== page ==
And, blowback came `spectacularly’ so on 11 September 2001, caused by America’s policies in the Middle East. It made the American public `support [government] acts intended to lash out against the perpetrators, thereby most commonly preparing the ground for yet another cycle of blowback.’

In other words, blowback means that the perpetrators of the 9/11 attacks, i.e., the `Muslim fanatics’, are not to be singled out for blame. The chickens have come home to roost. Osama bin Laden and other young men were used by us, as `canon fodder…in a bipolar competition between the Soviet Union and the United States’ in Afghanistan. Once American purposes were achieved, we just walked away from the `people we had recruited, trained, and equipped’,  something made far worse, when `infidel troops’ were placed in Saudi Arabia after 1991, near `one of the most sacred sites in Islam.’

Johnson likens bin Laden and his role in Afghanistan to the `massive revolt’ in 1857. `The Indians do not call it the Sepoy Mutiny; they call it the first revolutionary activity leading ultimately to Indian independence. I think that something like that may be happening to us today, too.’

Blowback is the paradigm the renowned American and left dissident Noam Chomsky subscribes to when he analyses and writes about the events of 9/11. On the tenth anniversary of 9/11, he writes, `That Washington was bent on fulfilling bin Laden’s fervent wishes was evident at once. As discussed in my book 9-11, written shortly after those attacks occurred, anyone with knowledge of the region could recognize “that a massive assault on a Muslim population would be the answer to the prayers of bin Laden and his associates, and would lead the U.S. and its allies into a ‘diabolical trap,’ as the French foreign minister put it.”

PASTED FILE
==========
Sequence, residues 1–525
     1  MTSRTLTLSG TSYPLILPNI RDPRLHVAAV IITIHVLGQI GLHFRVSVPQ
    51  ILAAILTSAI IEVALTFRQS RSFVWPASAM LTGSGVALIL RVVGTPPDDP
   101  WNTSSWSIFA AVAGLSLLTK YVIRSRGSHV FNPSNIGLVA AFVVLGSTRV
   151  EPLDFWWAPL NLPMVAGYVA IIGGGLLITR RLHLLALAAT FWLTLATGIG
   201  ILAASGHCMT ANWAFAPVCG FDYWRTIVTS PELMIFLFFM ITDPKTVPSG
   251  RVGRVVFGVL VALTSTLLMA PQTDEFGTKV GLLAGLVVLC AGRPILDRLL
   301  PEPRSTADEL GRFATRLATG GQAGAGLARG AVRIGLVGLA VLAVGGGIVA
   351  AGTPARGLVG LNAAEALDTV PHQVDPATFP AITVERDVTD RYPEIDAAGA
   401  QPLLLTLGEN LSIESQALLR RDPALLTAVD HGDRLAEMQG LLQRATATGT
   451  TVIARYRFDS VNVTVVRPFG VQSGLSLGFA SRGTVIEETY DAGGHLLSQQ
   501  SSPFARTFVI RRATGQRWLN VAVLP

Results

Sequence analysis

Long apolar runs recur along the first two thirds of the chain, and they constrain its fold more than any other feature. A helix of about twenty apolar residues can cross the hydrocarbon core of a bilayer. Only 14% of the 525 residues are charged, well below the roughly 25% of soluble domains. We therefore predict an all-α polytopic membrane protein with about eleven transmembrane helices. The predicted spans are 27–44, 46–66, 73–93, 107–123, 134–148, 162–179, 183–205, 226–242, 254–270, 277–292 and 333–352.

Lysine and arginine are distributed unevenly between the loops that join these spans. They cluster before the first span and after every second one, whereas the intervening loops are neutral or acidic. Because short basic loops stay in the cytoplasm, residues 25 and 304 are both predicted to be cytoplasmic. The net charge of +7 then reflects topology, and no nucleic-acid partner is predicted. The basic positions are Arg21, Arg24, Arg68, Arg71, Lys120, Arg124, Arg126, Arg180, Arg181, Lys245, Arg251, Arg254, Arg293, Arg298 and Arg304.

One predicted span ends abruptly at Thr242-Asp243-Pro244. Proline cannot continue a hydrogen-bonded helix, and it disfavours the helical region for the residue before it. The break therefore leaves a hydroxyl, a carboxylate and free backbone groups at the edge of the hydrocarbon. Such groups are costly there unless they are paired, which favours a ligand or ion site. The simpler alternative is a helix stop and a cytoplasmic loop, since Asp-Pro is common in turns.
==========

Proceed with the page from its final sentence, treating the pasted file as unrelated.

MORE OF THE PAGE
`The senior CIA analyst responsible for tracking Osama bin Laden from 1996, Michael Scheuer, wrote shortly after that “bin Laden has been precise in telling America the reasons he is waging war on us. [He] is out to drastically alter U.S. and Western policies toward the Islamic world,” and largely succeeded..’ (9/11 and the Imperial Mentality Looking Back on 9/11 a Decade Later, September 6, 2011).

So also, American journalist, author and war correspondent Chris Hedges, who writes on the tenth anniversary of 9/11, `Those of us who knew that the attacks were rooted in the long night of humiliation and suffering inflicted by Israel on the Palestinians, the imposition of our military bases in the Middle East and in the brutal Arab dictatorships that we funded and supported became apostates.